# How to calculate after-tax return if investor can use capital loss, in Canada?

[Source:] As you can see in the table, the \$105,000 government bond matures at \$100,000, for a capital loss of \$5,000. The investor would also collect interest totalling \$9,660 over the three years (\$100,000 x 0.0322 x 3). But here’s the thing: Even though the capital loss takes a big bite out of the investor’s return, the entire \$9,660 in interest payments is taxable at the investor’s marginal rate (which is assumed here to be 46.41%).

The tax hit works out to \$4,483. If you subtract that amount, and the \$5,000 capital loss, from the \$9,660, in interest the investor is left with an after-tax return of just \$177. True, he could theoretically use the capital loss to offset other capital gains – assuming he has them – but that would only boost the net return to \$1,337, which is still pretty lousy. True, he could theoretically use the capital loss to offset other capital gains – assuming he has them – but that would only boost the net return to \$1,337, which is still pretty lousy. To calculate the after-tax return with the use of \$5,000 capital loss, why perform the arithmetic coloured in orange above? To wit, why multiply \$5000 x 50% x 46.41%?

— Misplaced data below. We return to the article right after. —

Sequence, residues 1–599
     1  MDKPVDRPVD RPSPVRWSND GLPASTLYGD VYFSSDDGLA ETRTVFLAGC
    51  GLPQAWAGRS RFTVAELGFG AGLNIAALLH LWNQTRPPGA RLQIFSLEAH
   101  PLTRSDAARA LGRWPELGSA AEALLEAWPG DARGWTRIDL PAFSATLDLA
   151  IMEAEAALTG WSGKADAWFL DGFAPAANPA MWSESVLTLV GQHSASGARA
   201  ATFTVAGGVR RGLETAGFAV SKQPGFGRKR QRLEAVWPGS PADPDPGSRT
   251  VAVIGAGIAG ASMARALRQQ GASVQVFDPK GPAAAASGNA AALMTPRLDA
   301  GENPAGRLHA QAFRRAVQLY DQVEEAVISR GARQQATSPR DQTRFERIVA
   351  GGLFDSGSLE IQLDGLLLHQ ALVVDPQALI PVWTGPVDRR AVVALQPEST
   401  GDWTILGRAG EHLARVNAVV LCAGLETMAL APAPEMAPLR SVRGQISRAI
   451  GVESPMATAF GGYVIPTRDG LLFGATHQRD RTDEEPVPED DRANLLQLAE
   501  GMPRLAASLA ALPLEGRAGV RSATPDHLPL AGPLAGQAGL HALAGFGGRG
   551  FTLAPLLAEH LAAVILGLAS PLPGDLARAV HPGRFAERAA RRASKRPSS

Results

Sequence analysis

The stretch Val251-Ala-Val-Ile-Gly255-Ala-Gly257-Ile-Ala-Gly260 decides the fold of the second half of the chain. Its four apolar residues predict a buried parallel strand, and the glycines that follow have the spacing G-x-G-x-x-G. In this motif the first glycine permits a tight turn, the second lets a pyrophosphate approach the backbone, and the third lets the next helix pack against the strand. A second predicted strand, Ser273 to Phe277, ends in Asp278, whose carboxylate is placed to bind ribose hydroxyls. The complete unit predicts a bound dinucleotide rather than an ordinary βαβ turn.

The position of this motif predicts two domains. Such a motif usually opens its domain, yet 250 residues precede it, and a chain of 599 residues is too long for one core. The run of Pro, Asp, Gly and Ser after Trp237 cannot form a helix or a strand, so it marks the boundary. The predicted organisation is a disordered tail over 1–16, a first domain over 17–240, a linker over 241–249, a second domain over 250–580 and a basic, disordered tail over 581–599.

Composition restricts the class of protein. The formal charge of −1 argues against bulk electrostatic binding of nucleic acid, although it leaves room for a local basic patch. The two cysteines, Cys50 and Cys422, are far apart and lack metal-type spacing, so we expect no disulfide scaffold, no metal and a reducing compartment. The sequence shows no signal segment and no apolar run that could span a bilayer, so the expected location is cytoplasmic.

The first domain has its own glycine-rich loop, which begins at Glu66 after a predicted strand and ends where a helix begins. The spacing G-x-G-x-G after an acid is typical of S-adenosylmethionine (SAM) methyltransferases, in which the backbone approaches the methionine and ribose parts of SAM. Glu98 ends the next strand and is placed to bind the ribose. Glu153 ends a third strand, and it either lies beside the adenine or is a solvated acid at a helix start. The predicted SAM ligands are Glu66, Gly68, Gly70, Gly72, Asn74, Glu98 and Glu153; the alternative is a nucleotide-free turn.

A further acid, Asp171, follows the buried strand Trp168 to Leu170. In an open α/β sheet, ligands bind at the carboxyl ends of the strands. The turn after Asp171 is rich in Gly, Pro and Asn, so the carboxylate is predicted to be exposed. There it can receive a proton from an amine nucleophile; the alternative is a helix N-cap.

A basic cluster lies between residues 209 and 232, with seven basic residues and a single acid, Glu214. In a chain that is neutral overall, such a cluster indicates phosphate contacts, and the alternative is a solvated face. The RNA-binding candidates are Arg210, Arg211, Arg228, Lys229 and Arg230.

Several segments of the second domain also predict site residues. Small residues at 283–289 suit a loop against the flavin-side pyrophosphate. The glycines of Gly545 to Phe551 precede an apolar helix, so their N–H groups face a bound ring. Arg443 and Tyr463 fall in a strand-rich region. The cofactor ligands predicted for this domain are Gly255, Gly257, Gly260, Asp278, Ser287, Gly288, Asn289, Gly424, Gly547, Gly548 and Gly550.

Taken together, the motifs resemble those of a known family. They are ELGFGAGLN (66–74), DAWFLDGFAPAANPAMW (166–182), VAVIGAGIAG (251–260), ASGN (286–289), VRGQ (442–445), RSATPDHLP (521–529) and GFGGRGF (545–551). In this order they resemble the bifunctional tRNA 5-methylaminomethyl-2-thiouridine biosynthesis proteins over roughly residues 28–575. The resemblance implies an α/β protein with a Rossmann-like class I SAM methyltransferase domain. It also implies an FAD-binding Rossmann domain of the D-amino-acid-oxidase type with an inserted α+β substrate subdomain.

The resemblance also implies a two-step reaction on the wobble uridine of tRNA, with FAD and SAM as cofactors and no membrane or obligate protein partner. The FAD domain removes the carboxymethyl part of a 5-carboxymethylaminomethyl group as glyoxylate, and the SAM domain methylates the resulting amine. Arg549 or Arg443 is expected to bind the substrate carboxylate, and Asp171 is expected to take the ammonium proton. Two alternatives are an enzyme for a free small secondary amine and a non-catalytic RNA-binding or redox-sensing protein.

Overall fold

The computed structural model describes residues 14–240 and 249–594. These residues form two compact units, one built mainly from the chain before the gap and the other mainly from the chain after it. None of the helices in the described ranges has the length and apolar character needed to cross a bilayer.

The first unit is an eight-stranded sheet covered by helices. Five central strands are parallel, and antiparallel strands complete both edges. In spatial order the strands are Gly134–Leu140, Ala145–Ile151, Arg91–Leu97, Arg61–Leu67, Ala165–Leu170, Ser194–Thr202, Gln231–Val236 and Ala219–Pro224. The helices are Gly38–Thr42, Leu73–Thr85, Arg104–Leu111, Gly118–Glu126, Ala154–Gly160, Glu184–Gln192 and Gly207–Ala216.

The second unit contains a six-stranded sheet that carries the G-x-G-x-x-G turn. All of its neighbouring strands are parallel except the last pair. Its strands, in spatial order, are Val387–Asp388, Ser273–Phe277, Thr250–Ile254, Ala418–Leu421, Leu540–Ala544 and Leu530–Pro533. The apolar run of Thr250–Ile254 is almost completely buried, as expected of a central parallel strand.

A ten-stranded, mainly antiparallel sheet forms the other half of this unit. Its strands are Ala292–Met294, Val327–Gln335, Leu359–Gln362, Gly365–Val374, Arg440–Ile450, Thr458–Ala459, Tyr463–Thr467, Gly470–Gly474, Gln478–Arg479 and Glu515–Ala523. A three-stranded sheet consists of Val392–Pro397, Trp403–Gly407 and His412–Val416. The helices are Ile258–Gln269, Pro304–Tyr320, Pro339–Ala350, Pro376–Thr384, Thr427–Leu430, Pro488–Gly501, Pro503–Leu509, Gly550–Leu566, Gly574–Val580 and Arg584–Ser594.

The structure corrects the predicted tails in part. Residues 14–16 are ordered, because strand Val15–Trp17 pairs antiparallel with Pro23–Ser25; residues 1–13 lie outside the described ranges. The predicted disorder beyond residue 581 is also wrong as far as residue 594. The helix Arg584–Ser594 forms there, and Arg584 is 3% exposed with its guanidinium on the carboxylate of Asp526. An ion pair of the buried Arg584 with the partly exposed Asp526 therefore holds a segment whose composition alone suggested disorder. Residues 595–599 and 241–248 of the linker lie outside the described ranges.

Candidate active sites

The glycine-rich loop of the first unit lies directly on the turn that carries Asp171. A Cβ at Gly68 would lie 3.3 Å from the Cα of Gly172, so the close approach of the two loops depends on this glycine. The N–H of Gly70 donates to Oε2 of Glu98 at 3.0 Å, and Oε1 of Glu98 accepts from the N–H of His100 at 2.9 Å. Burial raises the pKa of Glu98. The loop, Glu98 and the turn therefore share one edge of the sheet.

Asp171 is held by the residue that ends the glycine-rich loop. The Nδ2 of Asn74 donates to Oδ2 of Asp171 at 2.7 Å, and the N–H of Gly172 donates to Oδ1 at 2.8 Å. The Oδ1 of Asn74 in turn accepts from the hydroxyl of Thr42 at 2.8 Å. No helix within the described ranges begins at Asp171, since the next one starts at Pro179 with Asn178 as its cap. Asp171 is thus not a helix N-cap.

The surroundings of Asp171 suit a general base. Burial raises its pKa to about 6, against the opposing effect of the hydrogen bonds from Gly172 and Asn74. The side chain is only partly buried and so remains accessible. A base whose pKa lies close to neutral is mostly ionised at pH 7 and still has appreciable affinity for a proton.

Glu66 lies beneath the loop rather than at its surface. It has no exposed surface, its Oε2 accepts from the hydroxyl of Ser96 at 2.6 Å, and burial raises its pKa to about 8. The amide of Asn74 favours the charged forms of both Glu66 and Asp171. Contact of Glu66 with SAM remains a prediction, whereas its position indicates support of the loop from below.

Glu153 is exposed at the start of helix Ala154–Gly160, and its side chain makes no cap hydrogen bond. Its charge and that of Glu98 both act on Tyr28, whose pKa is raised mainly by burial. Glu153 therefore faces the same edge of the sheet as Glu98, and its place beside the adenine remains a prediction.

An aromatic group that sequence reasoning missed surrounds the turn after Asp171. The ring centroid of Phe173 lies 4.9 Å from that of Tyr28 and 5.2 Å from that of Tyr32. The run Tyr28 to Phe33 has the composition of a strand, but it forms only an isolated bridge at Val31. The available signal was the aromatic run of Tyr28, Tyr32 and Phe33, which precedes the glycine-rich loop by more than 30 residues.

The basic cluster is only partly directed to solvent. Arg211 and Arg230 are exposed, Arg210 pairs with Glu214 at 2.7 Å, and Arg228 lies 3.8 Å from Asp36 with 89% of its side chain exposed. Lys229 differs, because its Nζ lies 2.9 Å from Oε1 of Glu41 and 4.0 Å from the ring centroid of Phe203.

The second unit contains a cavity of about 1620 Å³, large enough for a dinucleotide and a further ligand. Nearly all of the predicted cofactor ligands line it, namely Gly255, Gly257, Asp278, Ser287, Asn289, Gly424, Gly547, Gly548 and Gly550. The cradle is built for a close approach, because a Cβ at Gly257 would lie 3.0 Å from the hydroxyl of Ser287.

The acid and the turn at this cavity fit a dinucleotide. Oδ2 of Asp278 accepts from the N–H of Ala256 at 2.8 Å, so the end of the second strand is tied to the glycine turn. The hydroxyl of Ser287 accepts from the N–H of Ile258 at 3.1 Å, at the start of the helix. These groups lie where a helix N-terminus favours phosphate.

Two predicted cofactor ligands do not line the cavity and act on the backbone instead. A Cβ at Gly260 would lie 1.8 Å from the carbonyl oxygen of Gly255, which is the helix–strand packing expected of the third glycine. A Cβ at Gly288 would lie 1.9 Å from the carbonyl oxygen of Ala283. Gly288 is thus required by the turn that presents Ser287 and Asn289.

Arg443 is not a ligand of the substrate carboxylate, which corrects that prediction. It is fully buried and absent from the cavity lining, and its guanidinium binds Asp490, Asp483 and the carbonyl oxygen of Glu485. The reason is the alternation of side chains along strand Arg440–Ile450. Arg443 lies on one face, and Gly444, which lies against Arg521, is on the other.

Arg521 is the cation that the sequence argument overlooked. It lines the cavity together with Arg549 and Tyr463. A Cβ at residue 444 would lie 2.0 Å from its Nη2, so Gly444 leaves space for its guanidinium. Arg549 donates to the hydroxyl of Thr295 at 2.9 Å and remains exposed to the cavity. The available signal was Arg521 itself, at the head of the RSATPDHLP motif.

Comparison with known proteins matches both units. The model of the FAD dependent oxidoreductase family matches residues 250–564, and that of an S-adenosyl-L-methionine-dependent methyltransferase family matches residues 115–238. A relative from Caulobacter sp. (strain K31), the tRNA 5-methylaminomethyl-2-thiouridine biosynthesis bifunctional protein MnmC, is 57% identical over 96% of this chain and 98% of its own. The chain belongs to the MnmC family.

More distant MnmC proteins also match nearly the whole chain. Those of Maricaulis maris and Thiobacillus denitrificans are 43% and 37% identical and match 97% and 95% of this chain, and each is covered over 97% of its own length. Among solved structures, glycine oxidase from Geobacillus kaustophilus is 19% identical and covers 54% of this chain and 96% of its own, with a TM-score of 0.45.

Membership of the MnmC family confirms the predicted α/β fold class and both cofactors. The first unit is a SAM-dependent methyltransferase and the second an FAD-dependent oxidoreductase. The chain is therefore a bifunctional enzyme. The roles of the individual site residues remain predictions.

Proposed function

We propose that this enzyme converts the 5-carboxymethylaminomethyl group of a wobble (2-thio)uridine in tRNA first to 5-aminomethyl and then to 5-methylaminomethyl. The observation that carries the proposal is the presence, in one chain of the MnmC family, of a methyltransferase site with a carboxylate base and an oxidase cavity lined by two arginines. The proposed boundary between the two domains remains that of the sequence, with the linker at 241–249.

I know that the article assumes 46.41% as the investor's marginal tax rate.